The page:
Now we just need a way to cause traps at every instruction. One way would be to modify the code that is currently being executed, within the trap signal handler, to always replace the next instruction with int3. That sounds like a lot of work.

Another way is to set the trap flag of the x86 status register. When set, it will cause a debugging interrupt after the execution of every single instruction.

The execution of our program would look something like this:

Note that instead of having the execution flow between different processes, it only switches back and forth between kernel and user mode. So hopefully this is much faster.

The question is, does this actually work?

Well, let’s try it. First lets create a signal handler that will be executed every time. That’s our debugger. Again it will count the number of instructions:

static long long int num_instructions = 0;
/** trap handler executes for every instruction -- simply counts cycles */
void trapHandler(int signo, siginfo_t *info, void *context) {

We also need a way to set/reset the trap flag, we’ll use assembler again:

void setTrapFlag() {
  asm volatile("pushfl\n" // push status register to stack
               "orl $0x100, (%esp)\n" // set trap-flag of on-stack value 
               "popfl\n" // pop status register

void clearTrapFlag() {
  asm volatile("pushfl\n" // push status register
               "andl $0xfffffeff, (%esp)\n" // clear trap-flag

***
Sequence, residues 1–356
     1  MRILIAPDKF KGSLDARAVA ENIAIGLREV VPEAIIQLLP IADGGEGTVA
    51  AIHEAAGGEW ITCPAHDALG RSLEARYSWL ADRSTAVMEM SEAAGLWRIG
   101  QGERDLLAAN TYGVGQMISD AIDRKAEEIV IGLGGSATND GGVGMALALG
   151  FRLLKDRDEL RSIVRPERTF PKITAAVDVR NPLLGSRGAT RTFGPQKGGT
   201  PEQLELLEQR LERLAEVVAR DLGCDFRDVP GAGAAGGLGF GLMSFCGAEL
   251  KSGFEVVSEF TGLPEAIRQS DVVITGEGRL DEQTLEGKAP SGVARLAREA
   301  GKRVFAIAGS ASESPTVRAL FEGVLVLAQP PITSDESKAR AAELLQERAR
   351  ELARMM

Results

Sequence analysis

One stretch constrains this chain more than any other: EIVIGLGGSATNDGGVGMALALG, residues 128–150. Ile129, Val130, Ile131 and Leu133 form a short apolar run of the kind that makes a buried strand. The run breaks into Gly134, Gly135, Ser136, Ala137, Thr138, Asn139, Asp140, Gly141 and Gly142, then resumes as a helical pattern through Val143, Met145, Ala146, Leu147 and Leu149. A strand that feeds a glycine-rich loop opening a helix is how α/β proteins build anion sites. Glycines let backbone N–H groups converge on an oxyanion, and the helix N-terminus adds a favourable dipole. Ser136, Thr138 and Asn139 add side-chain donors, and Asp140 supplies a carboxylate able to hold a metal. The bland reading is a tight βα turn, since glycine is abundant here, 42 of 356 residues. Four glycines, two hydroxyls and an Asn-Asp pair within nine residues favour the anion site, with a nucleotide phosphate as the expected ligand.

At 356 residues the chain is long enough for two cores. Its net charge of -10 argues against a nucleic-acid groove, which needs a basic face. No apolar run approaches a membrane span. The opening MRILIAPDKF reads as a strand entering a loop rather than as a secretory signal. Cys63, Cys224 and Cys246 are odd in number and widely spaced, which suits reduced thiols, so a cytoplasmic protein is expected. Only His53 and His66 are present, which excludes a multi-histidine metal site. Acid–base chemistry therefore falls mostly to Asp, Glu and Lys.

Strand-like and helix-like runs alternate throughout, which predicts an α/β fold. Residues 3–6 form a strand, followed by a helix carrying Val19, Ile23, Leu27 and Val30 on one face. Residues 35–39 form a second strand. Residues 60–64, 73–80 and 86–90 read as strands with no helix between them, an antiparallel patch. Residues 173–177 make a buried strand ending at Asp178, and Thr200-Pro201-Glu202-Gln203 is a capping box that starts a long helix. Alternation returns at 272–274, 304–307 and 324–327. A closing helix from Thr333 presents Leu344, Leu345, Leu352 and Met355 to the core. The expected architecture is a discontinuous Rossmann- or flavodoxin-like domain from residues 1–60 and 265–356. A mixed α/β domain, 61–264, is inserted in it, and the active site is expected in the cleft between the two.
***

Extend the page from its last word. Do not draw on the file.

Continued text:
"popfl\n" // pop status register

In order to start and stop tracing a program, we’ll register the signal handler, and set/reset the trap flag. The stop tracing functions will also print out how many instructions were executed.

struct sigaction trapSa;
void startTrace() {
  // set up trap signal handler
  trapSa.sa_flags = SA_SIGINFO;
  trapSa.sa_sigaction = trapHandler;
  sigaction(SIGTRAP, &trapSa, NULL);

  // set trap flag

void stopTrace() {

  printf("num instructions: %lld\n", num_instructions);

Our overall program will start the tracing, again run our “loop” function, and stop the tracing.

int main(int argc, const char* argv[]) {

This actually works. At least on my 32-bit 1.66 GHz Atom N450 netbook.

When executing, it tells me that 10,000,030 instructions were executed.

Performance Results

It turns out this hack is also much faster than using ptrace. The ten million instructions are getting executed within 38 seconds or so, meaning a slowdown of only about 6000 using trapflag-tracing.

num instructions
execution time
16 KHz
262 KHz
1.64 GHz

Our tapflag + signal-handler hack is more than ten times faster than ptrace. This means 1s of original execution time will “merely” take 100 minutes — a bit more than an hour, instead of a bit more than a day. This definitely should make it possible to record statistics, at least about simple programs.

One issue is that a debugger is not very useful if it has to be inserted into the source code of the program that you want to observe. So next I will explore possibilities to inject this kind of debugging into an arbitrary, already compiled program.

See the code in the github repository.